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IEM's for only one band member

Discussion in 'Live Sound [BG]' started by morgansterne, Aug 20, 2012.

  1. Hey everyone,
    I searched around but couldn't find an answer to this. I didn't wear earplugs for the band's last gig as we were outside and didn't think it would seem so loud. It really didn't seem loud at the time, but it took about twenty hours for my ears to totally stop ringing.
    I'd like to do IEM's but I don't know much about how it might work if I'm the only one using them. We have a spare aux out on the board that's not being used so that could become my in ear mix I assume. We run our own sound so I'm a little nervous that things could be off and I wouldn't know it.
    Will I still need my amp or could we just run bass through monitors and FOH?
    I do loads of harmony singing in the band and sing lead on about 20% of the songs.
  2. hgregs


    Sep 25, 2008
    ct/ny border
    if you are using your bass amp only for stage monitoring, then you could eliminate your cabinet. you still need a preamp to get to the board. then you need a headphone amp (takes the feed from the aux on the board), and a pair of IEMs -- you're good to go. hopefully your board has a limiter, or get a headphone amp w/ a limiter, so you can protect your ears from from volume spikes.
  3. kanonfodr

    kanonfodr Supporting Member

    Against every shred of Audiological Science, I do a similar thing. Drummer and myself on the IEMS in mono, one in and one out. I simply control him against me. Works well enough, but that's strictly for my purposes and I recommend to everyone else that they do their research about how they plan to use the system and insure they are doing so as safely as possible.

  4. jaywa


    May 5, 2008
    Iowa City, IA

    That's serious.
  5. Sponsored by:

  6. MoeTown1986

    MoeTown1986 Supporting Member

    Sep 14, 2010
    SoMD (Mechanicsville)
    I suggest going the IEM route. Especially if you're a harmony singer. Try to get the rest of your band on them as well. Eliminating floor monitors and guitar/bass amps makes for great FOH control. Only thing we have on stage every weekend is a drum set and a 112 guitar combo. (lead guitarist refuses to go direct) but every sound guy we work with compliments how good and clean our sound is due to low stage volume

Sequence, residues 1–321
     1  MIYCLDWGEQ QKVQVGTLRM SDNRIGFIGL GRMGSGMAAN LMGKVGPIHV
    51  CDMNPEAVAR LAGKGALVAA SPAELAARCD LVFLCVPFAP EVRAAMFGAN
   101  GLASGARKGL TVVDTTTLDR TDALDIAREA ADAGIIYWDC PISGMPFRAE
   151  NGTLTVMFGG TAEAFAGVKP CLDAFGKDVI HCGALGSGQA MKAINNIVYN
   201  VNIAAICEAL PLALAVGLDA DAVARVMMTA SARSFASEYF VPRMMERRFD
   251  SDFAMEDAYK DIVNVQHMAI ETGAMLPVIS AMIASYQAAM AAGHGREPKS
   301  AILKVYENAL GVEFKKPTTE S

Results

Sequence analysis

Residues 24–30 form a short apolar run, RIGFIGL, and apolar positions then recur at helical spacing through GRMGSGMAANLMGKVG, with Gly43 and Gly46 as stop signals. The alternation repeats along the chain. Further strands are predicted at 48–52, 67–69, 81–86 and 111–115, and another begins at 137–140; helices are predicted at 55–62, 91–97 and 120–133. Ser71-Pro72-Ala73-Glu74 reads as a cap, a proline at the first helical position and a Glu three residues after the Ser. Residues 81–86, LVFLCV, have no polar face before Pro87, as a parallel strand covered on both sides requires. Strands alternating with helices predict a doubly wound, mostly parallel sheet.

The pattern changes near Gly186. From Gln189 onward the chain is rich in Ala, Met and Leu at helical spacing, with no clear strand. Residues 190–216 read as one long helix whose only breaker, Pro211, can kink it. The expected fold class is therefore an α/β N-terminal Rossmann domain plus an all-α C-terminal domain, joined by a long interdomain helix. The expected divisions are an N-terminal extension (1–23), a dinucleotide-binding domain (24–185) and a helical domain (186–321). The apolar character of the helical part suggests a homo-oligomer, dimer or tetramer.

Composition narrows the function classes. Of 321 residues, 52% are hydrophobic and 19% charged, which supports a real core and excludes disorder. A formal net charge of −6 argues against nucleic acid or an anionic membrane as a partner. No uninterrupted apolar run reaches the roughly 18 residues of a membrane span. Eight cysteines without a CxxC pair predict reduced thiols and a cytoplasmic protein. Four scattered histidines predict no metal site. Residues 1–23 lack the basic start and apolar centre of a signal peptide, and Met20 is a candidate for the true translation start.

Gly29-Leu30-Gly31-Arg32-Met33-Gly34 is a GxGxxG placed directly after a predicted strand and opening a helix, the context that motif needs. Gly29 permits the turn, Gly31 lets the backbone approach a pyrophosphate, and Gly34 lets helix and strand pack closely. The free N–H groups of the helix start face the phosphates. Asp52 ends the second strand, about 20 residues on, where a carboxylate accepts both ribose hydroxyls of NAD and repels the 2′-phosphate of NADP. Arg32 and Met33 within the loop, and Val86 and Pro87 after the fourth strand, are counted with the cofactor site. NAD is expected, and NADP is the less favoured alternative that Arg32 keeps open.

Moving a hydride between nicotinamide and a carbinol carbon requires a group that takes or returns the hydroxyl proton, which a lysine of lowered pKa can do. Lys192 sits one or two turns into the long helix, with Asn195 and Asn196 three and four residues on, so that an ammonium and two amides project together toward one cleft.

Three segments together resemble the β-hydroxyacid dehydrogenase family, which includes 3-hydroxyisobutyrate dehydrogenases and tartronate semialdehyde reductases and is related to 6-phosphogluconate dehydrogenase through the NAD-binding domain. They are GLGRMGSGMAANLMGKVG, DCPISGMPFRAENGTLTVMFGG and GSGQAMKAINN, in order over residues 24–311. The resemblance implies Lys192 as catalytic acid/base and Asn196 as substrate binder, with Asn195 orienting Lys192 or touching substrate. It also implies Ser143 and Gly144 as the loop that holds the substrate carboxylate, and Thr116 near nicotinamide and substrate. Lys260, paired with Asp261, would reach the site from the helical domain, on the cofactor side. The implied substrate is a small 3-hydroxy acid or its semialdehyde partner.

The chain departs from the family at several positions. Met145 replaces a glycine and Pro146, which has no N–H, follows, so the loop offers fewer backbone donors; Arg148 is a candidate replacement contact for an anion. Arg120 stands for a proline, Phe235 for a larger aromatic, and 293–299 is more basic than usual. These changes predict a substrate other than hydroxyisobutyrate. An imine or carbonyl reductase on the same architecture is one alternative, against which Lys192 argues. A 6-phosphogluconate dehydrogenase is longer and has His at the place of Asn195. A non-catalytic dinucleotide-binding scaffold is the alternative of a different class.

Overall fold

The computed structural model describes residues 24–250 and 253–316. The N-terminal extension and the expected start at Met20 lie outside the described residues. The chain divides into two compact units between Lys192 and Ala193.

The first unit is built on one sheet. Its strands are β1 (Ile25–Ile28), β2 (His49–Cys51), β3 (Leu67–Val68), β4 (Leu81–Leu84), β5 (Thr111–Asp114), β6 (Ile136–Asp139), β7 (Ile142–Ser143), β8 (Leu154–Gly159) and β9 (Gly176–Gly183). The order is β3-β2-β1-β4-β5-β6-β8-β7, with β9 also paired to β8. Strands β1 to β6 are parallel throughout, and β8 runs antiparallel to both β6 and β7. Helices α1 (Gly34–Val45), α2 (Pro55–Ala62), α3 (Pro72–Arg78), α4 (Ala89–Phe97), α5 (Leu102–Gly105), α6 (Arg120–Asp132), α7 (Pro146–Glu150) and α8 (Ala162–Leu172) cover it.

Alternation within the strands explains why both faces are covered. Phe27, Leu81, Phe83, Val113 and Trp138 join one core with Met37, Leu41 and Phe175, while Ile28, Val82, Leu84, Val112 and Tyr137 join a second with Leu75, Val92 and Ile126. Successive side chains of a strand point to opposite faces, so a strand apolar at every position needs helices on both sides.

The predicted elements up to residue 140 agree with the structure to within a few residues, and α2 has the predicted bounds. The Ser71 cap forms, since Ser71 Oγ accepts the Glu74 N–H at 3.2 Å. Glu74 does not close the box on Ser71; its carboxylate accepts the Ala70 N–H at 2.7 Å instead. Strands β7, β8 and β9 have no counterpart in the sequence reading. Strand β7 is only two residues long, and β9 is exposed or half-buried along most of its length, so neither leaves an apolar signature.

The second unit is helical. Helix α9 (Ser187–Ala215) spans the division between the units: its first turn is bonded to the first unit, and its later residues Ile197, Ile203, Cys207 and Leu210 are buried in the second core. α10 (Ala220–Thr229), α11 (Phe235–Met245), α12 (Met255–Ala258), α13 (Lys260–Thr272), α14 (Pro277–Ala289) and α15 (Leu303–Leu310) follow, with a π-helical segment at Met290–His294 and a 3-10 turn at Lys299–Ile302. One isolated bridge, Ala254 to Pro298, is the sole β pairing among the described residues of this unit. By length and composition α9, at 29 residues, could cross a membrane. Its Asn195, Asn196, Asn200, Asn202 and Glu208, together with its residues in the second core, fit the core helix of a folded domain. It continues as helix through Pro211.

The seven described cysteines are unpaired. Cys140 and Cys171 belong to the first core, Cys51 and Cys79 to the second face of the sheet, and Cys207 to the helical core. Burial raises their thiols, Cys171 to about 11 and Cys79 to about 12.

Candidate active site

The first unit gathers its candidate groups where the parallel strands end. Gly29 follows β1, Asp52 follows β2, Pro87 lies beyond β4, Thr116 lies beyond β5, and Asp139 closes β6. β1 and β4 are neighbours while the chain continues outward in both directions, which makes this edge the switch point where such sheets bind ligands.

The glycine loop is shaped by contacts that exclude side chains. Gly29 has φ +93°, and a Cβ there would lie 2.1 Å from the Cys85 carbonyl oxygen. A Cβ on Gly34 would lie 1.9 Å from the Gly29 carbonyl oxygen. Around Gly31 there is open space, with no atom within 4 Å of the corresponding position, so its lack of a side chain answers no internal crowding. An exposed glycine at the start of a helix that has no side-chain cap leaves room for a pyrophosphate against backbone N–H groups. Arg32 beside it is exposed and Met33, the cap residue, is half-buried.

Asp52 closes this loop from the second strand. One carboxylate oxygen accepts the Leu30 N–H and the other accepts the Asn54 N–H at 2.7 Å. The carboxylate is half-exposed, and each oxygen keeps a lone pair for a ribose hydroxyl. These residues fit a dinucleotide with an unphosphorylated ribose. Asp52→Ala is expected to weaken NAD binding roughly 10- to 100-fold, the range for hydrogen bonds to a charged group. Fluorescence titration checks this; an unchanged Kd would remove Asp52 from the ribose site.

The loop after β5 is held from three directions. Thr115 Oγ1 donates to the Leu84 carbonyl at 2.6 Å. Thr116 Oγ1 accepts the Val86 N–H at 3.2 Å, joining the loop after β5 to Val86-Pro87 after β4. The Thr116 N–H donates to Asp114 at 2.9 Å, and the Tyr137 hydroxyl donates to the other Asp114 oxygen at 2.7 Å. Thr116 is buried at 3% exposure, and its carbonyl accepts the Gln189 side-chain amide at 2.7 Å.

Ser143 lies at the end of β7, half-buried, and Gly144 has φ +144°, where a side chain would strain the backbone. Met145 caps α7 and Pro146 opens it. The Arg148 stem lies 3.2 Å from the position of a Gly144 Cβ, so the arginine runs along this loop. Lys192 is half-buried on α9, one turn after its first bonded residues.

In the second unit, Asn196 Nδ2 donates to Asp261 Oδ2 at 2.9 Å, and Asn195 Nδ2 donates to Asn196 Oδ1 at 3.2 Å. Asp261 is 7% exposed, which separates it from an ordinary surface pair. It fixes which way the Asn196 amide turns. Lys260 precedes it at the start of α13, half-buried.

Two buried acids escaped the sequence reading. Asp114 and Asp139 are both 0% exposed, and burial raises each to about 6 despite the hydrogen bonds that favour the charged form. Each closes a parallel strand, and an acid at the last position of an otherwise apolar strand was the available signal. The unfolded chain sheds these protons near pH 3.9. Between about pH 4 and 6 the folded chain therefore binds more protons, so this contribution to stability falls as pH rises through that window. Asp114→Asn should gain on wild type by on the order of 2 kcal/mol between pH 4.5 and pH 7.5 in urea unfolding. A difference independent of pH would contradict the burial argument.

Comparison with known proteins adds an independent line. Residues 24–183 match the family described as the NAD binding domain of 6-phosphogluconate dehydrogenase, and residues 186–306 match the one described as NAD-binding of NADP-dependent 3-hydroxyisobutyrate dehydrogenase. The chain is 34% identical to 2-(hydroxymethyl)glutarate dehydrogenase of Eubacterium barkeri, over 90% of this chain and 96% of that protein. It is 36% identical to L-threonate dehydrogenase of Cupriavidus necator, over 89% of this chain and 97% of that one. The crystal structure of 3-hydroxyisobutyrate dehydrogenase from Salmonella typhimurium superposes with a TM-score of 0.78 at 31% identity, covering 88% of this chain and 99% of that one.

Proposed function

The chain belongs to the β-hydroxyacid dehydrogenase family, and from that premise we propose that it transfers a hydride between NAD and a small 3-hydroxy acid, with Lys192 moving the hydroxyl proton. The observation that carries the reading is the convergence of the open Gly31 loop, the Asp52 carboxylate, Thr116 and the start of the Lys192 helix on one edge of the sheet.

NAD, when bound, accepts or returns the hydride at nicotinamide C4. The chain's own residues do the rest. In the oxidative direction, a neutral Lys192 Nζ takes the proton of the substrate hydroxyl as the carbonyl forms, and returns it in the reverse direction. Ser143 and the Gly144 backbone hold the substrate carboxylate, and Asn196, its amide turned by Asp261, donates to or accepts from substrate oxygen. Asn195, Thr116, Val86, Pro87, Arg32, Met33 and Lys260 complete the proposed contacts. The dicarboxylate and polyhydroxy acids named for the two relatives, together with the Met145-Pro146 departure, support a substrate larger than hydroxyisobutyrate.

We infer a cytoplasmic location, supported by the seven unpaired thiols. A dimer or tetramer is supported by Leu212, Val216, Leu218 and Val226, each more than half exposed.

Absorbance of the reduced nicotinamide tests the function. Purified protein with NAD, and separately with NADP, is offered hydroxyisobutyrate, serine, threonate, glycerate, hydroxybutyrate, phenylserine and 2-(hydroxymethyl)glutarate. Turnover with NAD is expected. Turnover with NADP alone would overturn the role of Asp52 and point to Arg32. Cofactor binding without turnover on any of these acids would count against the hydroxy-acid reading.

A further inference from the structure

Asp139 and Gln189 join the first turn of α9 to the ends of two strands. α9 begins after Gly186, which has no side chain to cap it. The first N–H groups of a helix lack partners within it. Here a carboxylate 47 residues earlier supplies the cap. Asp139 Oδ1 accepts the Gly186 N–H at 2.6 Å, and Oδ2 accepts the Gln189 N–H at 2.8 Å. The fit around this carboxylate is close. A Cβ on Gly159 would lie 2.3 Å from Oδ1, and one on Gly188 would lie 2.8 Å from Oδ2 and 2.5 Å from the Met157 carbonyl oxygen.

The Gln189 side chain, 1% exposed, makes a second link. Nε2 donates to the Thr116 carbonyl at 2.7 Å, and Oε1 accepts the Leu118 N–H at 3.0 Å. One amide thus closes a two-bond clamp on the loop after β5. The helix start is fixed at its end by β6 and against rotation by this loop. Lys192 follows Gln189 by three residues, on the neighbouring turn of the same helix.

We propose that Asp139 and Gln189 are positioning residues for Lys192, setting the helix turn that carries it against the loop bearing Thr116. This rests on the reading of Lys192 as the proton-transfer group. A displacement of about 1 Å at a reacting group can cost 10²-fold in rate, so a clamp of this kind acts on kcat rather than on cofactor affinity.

7. derrico1

    derrico1 Supporting Member

    Apr 12, 2005
    Charlottesville, VA
    Depends on how robust your stage wedges are. If you're the only one on IEMs, you'll probably need to keep your stage amp so the other musicians (& the drummer;)) have audible bass to keep them on track.
  8. good point derrico. The drummer would absolutely need an onstage bass cab, not a standard vocal wedge.
    As for getting everybody IEM's, there's no way we could do that without getting a dedicated soundman. I read the posts above of the whole band using IEM's and periodically checking the mix out front, but that notion scares the heck outta me.:eek:

    I think the bottom line is we need to redo our sound system. We were recently voted in Cleveland Magazine's Best Of issue as one of the best cover bands in cleveland and we're using a powered Behringer mixer, and using only one monitor mix for everybody!
  9. Dantreige


    Oct 22, 2009
    You would not need your amp if the drummer (or anyone else that wants to hear your bass) has a good monitor that can handle the bass. I use 1x15 yamahas powered by a QSC GX5. Plenty of power and bass from those.

    I've been ampless for over a year (and have done so for peoriods of time before). I don't use IEM because I need to check the FOH once in a while because we do sound from the stage. (We also provide our own p.a. When we don't, we still use our board and monitors and just give the FOH a feed from that.)

    I would go that route (IEM's) if we ever hired a full time FOH person.

    Good luck!
  10. Jazzdogg

    Jazzdogg Less barking, more wagging!

    Jul 29, 2006
    San Diego, CA
    I've heard good things about the Rolls PM351, but have no personal experience with it.

  11. Rip Topaz

    Rip Topaz

    Aug 12, 2005
    Willow Street, PA
    Beta tester for Positive Grid
    I've been interested in that, too. Only thing stopping me is it's lack of a limiter. The Peavey HB-2 has all of the features of the Rolls but with a built in limiter.